Place the numbers 1 to 10 in the circles so that each number is the difference between the two numbers just below it.

This problem is based on a code using two different prime numbers less than 10. You'll need to multiply them together and shift the alphabet forwards by the result. Can you decipher the code?

Have a go at this well-known challenge. Can you swap the frogs and toads in as few slides and jumps as possible?

Can you put the numbers 1 to 8 into the circles so that the four calculations are correct?

Place six toy ladybirds into the box so that there are two ladybirds in every column and every row.

Add the sum of the squares of four numbers between 10 and 20 to the sum of the squares of three numbers less than 6 to make the square of another, larger, number.

Your challenge is to find the longest way through the network following this rule. You can start and finish anywhere, and with any shape, as long as you follow the correct order.

Can you find which shapes you need to put into the grid to make the totals at the end of each row and the bottom of each column?

What do you notice about the date 03.06.09? Or 08.01.09? This challenge invites you to investigate some interesting dates yourself.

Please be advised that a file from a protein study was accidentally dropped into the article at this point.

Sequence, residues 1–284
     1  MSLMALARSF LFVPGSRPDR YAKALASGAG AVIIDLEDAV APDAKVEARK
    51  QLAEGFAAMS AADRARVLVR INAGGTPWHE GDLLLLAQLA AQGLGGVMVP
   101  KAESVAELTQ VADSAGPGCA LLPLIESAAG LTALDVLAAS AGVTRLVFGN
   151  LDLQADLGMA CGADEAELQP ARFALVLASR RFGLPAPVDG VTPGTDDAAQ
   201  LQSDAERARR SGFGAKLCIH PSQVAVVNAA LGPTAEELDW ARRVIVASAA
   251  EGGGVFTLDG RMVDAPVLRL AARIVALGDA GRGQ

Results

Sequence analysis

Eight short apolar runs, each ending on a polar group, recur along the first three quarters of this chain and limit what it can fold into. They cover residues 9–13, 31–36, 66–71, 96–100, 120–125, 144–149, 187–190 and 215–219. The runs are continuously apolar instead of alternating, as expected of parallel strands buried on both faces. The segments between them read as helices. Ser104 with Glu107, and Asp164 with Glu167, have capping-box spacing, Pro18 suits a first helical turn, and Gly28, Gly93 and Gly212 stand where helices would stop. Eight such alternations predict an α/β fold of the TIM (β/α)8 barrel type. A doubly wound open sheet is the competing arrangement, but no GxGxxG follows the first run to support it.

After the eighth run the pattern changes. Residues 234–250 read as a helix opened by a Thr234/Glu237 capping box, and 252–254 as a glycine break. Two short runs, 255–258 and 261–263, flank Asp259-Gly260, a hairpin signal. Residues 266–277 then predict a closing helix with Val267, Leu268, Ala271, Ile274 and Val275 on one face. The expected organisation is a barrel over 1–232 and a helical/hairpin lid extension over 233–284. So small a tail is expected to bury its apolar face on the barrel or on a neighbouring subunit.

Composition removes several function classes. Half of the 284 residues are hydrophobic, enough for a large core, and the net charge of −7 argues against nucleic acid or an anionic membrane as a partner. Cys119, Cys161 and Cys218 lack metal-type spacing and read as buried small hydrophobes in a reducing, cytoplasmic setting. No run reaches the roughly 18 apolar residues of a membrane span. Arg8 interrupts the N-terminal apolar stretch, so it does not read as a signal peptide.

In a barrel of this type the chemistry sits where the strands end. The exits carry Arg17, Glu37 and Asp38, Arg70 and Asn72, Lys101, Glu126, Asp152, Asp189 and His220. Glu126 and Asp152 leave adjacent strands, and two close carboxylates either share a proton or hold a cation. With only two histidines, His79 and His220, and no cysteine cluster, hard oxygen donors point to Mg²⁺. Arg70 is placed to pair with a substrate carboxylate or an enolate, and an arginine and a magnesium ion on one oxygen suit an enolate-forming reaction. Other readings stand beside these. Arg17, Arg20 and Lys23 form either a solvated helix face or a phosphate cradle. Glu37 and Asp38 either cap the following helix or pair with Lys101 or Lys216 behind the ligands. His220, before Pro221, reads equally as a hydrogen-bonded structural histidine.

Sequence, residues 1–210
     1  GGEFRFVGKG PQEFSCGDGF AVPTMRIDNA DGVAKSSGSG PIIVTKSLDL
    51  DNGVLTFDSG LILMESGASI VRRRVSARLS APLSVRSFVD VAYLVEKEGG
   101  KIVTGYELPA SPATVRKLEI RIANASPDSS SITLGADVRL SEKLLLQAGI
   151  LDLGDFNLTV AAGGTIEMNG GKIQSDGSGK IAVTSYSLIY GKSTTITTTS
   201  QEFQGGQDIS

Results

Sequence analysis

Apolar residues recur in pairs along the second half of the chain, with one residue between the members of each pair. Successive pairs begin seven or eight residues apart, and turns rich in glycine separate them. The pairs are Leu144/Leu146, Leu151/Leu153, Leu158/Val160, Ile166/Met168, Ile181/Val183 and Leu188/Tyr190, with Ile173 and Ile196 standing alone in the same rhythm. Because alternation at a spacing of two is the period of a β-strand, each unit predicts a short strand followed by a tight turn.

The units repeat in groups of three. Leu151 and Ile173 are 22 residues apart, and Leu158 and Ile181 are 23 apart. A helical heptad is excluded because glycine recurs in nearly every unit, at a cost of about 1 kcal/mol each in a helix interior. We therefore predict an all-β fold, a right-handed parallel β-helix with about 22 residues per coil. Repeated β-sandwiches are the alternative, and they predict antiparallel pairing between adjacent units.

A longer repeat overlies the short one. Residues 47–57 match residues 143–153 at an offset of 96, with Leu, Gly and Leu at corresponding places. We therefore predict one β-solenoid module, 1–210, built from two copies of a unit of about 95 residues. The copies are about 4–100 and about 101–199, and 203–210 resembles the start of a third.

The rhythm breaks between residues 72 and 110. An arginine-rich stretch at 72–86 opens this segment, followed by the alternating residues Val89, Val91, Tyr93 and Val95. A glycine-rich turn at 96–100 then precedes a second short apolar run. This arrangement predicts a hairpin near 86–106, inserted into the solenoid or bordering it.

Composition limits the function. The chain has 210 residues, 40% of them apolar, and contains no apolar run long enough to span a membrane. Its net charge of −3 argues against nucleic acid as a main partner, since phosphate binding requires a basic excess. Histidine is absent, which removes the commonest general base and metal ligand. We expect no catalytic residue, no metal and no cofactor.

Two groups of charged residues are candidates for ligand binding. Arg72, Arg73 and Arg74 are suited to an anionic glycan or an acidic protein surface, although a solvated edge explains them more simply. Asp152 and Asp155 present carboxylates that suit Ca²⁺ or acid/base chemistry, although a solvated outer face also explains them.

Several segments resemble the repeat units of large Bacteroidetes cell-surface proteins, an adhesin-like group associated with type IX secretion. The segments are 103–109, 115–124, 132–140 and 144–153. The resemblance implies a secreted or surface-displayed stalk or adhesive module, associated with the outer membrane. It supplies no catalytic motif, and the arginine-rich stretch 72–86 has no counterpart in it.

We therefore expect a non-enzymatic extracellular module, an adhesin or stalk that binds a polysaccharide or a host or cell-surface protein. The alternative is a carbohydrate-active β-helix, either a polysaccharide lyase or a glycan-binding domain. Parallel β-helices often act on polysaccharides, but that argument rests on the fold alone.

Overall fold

Use the interactivity to find all the different right-angled triangles you can make by just moving one corner of the starting triangle.

George and Jim want to buy a chocolate bar. George needs 2p more and Jim need 50p more to buy it. How much is the chocolate bar?

There are 78 prisoners in a square cell block of twelve cells. The clever prison warder arranged them so there were 25 along each wall of the prison block. How did he do it?

What do the digits in the number fifteen add up to? How many other numbers have digits with the same total but no zeros?

Use your logical-thinking skills to deduce how much Dan's crisps and ice-cream cost altogether.

Ten cards are put into five envelopes so that there are two cards in each envelope. The sum of the numbers inside it is written on each envelope. What numbers could be inside the envelopes?

Alice and Brian are snails who live on a wall and can only travel along the cracks. Alice wants to go to see Brian. How far is the shortest route along the cracks? Is there more than one way to go?